AFRIN, Syria (AP) — The death toll from an artillery strike on a hospital in northern Syria has risen to at least 15, medical officials said Sunday. The shelling, a day earlier, caused widespread destruction and knocked out the hospital’s maternity ward and surgery unit.
It was not immediately clear who was behind the attack that also wounded 43 and came from areas where both government troops and Kurdish-led fighters are deployed.
Al-Shifaa hospital is in the northern town of Afrin, in an area controlled by Turkey-backed Syrian opposition fighters. Much of the ceiling of the facility collapsed, and electricity cables dangled in a main corridor. The delivery room, the children’s section, and the first aid hall suffered the most — leaving hospital beds covered with rubble.
Blood stained the floor of one debris-filled room, while a mangled wheelchair and a soiled stretcher were piled up in an operating theater.
The hospital director, Dr. Hussam Adnan, said two shells damaged the maternity ward and the surgery unit, while a rocket hit the clinics. The hospital had been crowded at the time of the shelling, and patients and the wounded were evacuated to other hospitals.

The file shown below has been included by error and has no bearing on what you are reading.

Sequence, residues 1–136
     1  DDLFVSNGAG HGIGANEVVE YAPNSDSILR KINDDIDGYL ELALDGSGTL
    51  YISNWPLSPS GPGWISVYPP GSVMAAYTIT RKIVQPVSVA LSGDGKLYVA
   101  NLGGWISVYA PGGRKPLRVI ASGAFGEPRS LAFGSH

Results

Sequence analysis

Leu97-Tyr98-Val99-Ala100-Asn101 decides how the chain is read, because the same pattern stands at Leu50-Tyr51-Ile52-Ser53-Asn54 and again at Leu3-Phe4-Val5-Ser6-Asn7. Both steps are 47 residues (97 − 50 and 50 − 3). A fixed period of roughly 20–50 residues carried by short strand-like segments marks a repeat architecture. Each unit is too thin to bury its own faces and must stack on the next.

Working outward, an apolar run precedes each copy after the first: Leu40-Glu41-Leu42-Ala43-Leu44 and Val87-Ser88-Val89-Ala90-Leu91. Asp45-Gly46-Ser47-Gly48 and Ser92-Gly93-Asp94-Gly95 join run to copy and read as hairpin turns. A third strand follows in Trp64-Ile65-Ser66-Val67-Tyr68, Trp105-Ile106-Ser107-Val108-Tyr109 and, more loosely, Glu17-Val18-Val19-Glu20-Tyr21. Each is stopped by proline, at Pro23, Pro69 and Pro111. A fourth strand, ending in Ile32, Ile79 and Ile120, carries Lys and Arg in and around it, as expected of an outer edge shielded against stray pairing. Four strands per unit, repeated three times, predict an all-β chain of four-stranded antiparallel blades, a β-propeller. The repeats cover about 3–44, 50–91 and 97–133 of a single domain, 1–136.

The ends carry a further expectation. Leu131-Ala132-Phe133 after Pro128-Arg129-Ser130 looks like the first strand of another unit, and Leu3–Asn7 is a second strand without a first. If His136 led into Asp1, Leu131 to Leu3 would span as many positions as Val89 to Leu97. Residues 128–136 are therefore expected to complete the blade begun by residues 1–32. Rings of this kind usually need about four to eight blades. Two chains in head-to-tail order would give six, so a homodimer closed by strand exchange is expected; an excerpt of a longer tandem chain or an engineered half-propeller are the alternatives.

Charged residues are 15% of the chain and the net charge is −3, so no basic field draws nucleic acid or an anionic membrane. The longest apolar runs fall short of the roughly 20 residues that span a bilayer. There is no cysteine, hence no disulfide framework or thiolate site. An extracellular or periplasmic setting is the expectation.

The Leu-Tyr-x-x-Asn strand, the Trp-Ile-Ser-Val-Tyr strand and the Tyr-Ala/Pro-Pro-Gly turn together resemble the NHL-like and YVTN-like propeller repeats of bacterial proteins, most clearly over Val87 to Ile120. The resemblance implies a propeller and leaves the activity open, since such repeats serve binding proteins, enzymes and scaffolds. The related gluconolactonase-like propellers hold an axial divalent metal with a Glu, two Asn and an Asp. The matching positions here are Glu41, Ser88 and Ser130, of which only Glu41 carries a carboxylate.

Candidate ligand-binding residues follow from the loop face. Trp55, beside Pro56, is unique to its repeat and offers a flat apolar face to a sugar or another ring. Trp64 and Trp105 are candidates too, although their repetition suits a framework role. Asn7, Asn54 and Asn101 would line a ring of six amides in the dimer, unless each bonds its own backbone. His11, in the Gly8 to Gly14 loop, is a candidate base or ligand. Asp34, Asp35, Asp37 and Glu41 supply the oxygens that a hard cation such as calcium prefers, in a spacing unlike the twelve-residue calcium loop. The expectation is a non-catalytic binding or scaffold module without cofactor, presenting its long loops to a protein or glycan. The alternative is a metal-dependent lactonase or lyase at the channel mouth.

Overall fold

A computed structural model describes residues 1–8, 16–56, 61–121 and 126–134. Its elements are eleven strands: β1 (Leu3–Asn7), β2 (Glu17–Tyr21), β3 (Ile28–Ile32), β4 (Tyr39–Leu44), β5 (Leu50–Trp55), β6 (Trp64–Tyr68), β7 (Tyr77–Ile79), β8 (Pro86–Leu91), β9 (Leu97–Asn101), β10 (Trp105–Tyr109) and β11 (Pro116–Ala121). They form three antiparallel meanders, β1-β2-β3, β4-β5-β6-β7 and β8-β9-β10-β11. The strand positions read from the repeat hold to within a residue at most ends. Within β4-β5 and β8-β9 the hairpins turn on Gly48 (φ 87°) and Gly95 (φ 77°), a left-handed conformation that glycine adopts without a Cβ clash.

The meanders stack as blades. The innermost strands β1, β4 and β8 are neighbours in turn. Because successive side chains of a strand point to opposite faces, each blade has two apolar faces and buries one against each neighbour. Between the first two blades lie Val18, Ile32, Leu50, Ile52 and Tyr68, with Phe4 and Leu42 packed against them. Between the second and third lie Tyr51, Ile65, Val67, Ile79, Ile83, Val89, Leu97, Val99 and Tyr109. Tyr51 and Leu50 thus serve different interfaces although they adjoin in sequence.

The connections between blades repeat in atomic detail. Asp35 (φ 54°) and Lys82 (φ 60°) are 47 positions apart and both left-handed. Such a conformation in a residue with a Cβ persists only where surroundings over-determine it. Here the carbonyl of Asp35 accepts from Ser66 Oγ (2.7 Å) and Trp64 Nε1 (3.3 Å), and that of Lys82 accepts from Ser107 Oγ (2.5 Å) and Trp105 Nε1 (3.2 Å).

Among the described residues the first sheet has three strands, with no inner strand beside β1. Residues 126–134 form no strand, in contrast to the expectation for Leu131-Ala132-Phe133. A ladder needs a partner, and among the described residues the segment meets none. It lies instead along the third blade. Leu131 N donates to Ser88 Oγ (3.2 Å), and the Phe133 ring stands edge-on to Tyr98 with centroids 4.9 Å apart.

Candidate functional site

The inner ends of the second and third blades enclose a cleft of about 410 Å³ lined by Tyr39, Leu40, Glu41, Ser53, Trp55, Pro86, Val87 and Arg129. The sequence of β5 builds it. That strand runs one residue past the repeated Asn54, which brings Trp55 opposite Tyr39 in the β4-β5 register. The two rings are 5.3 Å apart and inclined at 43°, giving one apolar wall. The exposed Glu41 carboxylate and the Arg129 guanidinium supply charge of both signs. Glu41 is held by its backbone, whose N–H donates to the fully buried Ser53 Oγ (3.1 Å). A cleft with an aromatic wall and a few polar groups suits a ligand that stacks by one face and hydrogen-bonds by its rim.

“This was a condemned terrorist act that targeted civilians,” said Adnan, adding that the hospital serves the town of Afrin and its countryside, an area home to about 350,000 people. Over 350 births take place every month at the hospital, all free of charge, he said.
Adnan and the Syrian American Medical Association — an aid group that assists health centers in opposition areas — said two hospital staff members were killed. SAMS also said 11 of its staff were injured, including a midwife seriously.
SAMS called for an investigation into the attack, adding that the coordinates for the hospital, also financed by USAID and the United Nations, had been shared as part of a U.N.-led mechanism to unwind the conflict.
In a statement, the U.S. State Department condemned the attack, saying it was part of a a recent escalation of violence in the area. It called for a nationwide cease-fire in Syria.
“This barbaric attack took the lives of children, medical staff, and first responders. Civilians and civilian infrastructure, including hospitals, must never be the target of military action,” it said.
On Saturday, the governor of Turkey’s Hatay’s province blamed the attack on Syrian Kurdish groups. The U.S.-backed Kurdish-led Syrian Democratic Forces strongly denied claims that it was behind the shelling.
Turkey and allied Syrian fighters took control of Afrin in 2018 in an operation that expelled local Kurdish fighters and displaced thousands of Kurdish residents. Ankara considers the Kurdish fighters who were in control of Afrin to be terrorists. Since then, there have been several attacks on Turkish targets in the area.